AGC in the Community: Walking an Alaska Barefoot Mile


By Rindi White

 

AKBFM Participants with backpacks

Photos Courtesy of Davis Constructors and Engineers Inc.

 

The commercial sexual exploitation of children is not a topic likely to be trotted out at a dinner party. But it’s a very real problem, both in Alaska and globally. It’s the fastest-growing crime in the world today, according to Joy International, an organization founded to stop human trafficking.

Priceless Alaska shares the goal of eliminating human trafficking and sexual slavery; it says the crime is one of the fastest-growing and most lucrative crimes in our state. Since the organization began building bridges to a healthy life for trafficking survivors six years ago, more than 130 people have been referred to Priceless.

AK BFM participants walking barefoot

 

Davis Constructors & Engineers is helping the two groups by organizing the Alaska Barefoot Mile. This year marked the event’s second year in Anchorage, and Davis’ marketing director Jenith Flynn said the fundraiser met key goals: Participation and money raised were both higher in 2018 than in 2017, and the event exceeded Davis’ goals of having more than 500 participants raising more than $200,000.

“We are really happy with how it turned out,” Flynn said.

In its first year, the Alaska Barefoot Mile logged 358 walkers and raised $203,000. This year, 509 people shed their shoes on May 19 and walked the course, raising more than $217,000. Joy International founder Jeff Brodsky said it’s the largest amount raised by any Barefoot Mile in the U.S.

“It’s astounding. They’ve set the bar am really blessed, and I’m really glad we made the decision to keep half local.”

The money raised is split between Joy International and Priceless Alaska, which is based in Anchorage.

AK BFM Leaders

 

Joy International uses its share for global operations, including providing training in Cambodia, a trafficking hotspot, for special police SWAT teams dedicated to freeing children and young women from captivity. Each training for about 25 police officers costs between $12,000 and $15,000, Brodsky said. The organization tries to hold four training sessions a year.

Additionally, last year Brodsky conducted training for employees at Ted Stevens Anchorage International Airport to help them recognize trafficking happening at the airport.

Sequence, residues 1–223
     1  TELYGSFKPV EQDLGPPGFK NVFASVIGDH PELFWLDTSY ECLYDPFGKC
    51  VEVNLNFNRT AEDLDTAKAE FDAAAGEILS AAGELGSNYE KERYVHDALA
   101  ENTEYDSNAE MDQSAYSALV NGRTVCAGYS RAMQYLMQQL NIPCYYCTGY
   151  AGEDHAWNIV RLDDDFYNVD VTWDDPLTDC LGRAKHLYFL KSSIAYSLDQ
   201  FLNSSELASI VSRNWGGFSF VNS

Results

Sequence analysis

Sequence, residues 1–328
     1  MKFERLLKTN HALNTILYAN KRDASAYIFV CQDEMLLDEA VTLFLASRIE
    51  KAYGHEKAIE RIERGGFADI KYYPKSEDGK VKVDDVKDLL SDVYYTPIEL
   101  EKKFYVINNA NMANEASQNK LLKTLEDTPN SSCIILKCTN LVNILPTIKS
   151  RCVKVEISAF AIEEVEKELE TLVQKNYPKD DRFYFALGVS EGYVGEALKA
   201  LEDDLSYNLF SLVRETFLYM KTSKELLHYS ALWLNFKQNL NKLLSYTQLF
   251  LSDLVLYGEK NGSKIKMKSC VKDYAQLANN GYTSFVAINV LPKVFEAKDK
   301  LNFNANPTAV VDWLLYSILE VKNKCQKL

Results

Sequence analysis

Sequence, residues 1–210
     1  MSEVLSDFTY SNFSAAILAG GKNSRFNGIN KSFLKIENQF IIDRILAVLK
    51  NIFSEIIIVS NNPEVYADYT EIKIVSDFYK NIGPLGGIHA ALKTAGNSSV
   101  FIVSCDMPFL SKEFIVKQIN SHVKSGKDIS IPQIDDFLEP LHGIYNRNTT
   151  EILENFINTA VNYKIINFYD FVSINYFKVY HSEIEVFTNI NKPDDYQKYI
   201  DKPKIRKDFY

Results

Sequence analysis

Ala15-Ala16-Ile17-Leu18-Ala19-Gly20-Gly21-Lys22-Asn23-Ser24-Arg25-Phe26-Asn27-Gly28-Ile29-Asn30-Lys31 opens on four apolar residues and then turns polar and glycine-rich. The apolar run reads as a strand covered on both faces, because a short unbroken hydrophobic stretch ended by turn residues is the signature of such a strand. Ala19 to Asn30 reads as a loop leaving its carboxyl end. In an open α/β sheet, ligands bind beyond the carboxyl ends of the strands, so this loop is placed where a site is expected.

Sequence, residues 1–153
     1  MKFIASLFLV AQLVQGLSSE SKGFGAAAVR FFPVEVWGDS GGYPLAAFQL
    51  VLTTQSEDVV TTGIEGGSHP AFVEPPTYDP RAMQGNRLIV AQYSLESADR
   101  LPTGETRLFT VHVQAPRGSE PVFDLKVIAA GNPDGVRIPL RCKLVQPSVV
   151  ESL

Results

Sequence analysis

“The reason it’s called trafficking is because girls are trafficked from one place to another,” Brodsky said. In Alaska, that generally means an airplane flight.

So far, Joy International has hosted two Alaska training events, and Brodsky plans to return in November to provide a third. Everyone, from pilots and attendants to baggage handlers and airport maintenance workers, is invited to attend the training, he said. He said he also plans to hold airport trainings in Juneau, Fairbanks and other regional airports in Alaska.

AK BFM Finish Line

 

With its half of the money raised Priceless Alaska provides a safe house for victims of trafficking and pays for mentorships and other opportunities for people referred to the program. Referrals mostly come from the FBI, the State Troopers, Anchorage Police Department and probation officers.

The organization recently started a men’s outreach to work with men who have been “johns” and guide them to a healthy life.

Priceless Alaska executive director Gwen Adams said the organization couldn’t survive without the help of the money raised through Alaska Barefoot Mile. The event also offers the ability to gain mentors for women who need to learn how to navigate life outside of the sex industry.

“Priceless is a networking agency — we work to partner people with survivors,” she said. “Each person gets a mentor, they partner for as long as the relationship needs to continue.”

The partnership between Davis Constructors, Priceless Alaska and Joy International is fitting, Flynn said. Davis employees belong to the Davis Employee Foundation, which, along with the Alaska Communities Foundation, distributes money to local charitable groups around Christmas each year.

“We have a history of helping women and children and people who need a little help,” she said. “When we learned about this event, we thought that it was something that would be impactful.”

Organizers want to help Alaskans understand that human trafficking is happening here, in this state, not in some far-flung region of the world.

“I think the No. 1 question we used to get is, does this really happen here?” Adams said. It happens a lot in Alaska.

AGC in the Community, an initiative of AGC Charities, a group designed to showcase the community service awards of AGC of America’s chapters and members, recognized Davis for its work in organizing the Alaska Barefoot Mile at the 2018 AGC of America conference.

The next Alaska Barefoot Mile is already being planned for May 11, 2019.

 

Rindi White is the editor of The Alaska Contractor.